What is the River Discharge and What Factors Affect it?

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What is the River Discharge and
What Factors Affect it?
Drainage Basin
This is the area of land drained by a river system (a river and
its tributaries).
The drainage basin system is said to be open as
both inputs and outputs of energy and material
occur. All rivers receive a water from it. The
boundaries of the basin are known as
the watershed and will usually be marked by
areas of higher land. Drainage basins have many
different characteristics that influence how
quickly or slowly the main river within them
responds to a period of intense rainfall, these are
outlined in more detail in the section relating
to storm hydrographs.
River Discharge
The discharge of a river is the volume of water which
flows through it in a given time. It is usually measured in
cubic meters per second.
Calculation:
Cross-sectional area of channel (m2)
X
Velocity of the river / water (m/s)
*This gives discharge as the volume (m3/s) or cumecs.
How is river discharge affected by
physical factors?
• Impermeable Rock (e.g. granite) – Water is unable to infiltrate
through, resulting in more surface runoff, increasing volume of the
channel and its speed.
• Permeable Rock – More infiltration, resulting in less surface runoff
and less volume in the river
• Size of drainage basin – Small  Water will enter the river quicker
and faster
• Relief of drainage basin – If the slope of the basin is more steep,
water in the river is likely to move down faster, increasing its speed
• Percipitation – heavy rain can cause saturation in the soil and hence
cause more water to reach the river (runoff). This also means that
the speed of the river increases.
• Vegetation – allows more infiltration and interception, causing less
surface-runoff and slowing down the speed of the river
How is river discharge affected by
human factors?
• Impermeable man-made surfaces – Concrete and
tarmac can cause rivers in urban drainage basins to
have a higher discharge due to higher amounts of
surface runoff. Speed is also increased due to drainage
systems and ground.
• Destruction of vegetation (deforestation) – Less
infiltration + interception causes more surface run off
and increases speed of the water.
• River Management – Presence of dams allow river flow
to be controlled, which may cause more discharge
(before the dam) , or less (below the dam).
Hydrographs
Graphs which shows how the river discharge in a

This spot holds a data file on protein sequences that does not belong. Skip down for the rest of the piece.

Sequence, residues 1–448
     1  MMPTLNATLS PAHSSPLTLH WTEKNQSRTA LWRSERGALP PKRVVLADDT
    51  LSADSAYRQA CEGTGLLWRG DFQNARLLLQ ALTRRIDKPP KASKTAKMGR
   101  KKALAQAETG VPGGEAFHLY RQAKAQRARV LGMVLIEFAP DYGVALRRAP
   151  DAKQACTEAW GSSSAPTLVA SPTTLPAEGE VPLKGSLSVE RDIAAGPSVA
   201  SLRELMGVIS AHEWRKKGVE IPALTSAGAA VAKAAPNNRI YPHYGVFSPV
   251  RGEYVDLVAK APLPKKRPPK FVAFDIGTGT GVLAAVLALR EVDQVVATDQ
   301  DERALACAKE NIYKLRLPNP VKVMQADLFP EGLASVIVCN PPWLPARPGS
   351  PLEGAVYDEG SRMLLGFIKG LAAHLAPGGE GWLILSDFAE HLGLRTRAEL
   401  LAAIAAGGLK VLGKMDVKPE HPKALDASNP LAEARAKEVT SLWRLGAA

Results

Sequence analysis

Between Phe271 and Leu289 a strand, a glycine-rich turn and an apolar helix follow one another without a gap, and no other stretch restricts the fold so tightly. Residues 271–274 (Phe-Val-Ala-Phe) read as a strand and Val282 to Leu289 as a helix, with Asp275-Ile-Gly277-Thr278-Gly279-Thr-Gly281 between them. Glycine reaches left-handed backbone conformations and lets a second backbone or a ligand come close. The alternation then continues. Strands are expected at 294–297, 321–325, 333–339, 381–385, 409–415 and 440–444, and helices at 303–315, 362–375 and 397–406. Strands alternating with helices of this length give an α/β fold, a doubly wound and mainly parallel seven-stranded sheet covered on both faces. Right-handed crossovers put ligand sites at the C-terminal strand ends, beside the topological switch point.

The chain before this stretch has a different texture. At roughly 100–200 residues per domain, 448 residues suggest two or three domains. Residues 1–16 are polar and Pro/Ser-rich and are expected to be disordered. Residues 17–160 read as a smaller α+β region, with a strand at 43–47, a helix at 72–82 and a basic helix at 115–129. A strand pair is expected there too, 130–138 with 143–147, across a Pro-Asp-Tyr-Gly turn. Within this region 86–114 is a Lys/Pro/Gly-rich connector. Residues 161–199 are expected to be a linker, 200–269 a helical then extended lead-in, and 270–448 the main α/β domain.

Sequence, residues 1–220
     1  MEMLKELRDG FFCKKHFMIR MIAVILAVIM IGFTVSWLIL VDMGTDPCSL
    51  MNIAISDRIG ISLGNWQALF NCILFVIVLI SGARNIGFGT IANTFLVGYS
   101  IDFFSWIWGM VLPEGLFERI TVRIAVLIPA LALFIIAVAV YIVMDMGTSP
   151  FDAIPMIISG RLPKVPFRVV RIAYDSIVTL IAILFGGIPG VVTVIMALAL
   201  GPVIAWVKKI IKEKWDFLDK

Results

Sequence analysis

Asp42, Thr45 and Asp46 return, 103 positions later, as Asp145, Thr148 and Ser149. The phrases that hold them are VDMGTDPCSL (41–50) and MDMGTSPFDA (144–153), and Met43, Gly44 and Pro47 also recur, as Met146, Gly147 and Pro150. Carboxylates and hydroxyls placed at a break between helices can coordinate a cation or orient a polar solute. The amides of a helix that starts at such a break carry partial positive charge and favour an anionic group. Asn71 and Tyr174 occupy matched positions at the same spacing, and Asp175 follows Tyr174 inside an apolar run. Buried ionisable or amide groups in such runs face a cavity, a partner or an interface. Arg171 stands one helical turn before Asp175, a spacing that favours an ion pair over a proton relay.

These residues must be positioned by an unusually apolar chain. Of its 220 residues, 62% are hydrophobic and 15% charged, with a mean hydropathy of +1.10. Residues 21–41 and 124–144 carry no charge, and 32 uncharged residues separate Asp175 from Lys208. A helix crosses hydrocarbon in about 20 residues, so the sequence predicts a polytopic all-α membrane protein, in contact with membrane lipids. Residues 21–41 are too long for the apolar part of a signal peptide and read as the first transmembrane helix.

drainage basin responds to a period of rain.
Base flow – the normal day to
day discharge of a river
The rising limb – the rapid increase
of discharge resulting from a
rainfall.
Peak flow – when the river reaches
the maximum capacity that it can
hold.
The recession limb – when the
discharge starts to decrease and
river levels fall.
Basin lag time – the time difference
between the peak of the rain event
to the peak flow.
What factors affect the shape of flood
hydrographs?
Drainage basin
- Type of rock (impermeable or permeable) –
Impermeable rock will not allow water to seep in, thus
causing larger amounts of surface runoff and a shorter
lag time.
- The gradient of the drainage basin – Steep gradients
will cause greater overland flow and a shorter lag time.
- Size of drainage basin – larger basins will take longer
to reach the river, hence a longer lag time
- Present conditions of the drainage basin – soil either
saturated, very dry or even frozen
Type and amount of Precipitation
- Rapid rain – soil will saturate at a very rapid rate,
excess water quickly transfers by surface runoff thus
causing a short lag time
Land Use and Human Impact
- Impermeable man-made surfaces – e.g. concrete
and tarmac roads, shorter lag times
- Vegetation area –infiltrates more and intercepts
water, a longer lag time, reducing discharge
- Area of deforestation – short lag time, increases
discharge
Time/season of the year
- Summer – evapotranspiration rates are higher,
reducing surface run off, longer lag time
- Temperatures
Water Use
- Dams and reservoirs near area – slow down
the rate of discharge, a much longer lag time,
and may also cause a reduced amount of
discharge
How do flood hydrographs change as
river discharge changes?
• When it starts to precipitate, the level of discharge starts fairly low
at base flow level (1).
• As the rain starts to get heavy, the soil may be saturated, thus there
is an increase in surface run off. This causes water to start flowing
into the river channel, causing the level of discharge to increase,
making the line go up positively.
• A very steep rising limb (2) would indicate a fast increasing
discharge rate meaning water flowing into the river channel is a
faster rate, and thus a heavier rainfall.
• (3) When the amount of water in the river is at its maximum level
(peak discharge), the curve will reach its highest point on the graph.
• As river discharge starts to decrease (4), the curve will start to slop
gradually (gradient is normally less steep compared to the lag time).

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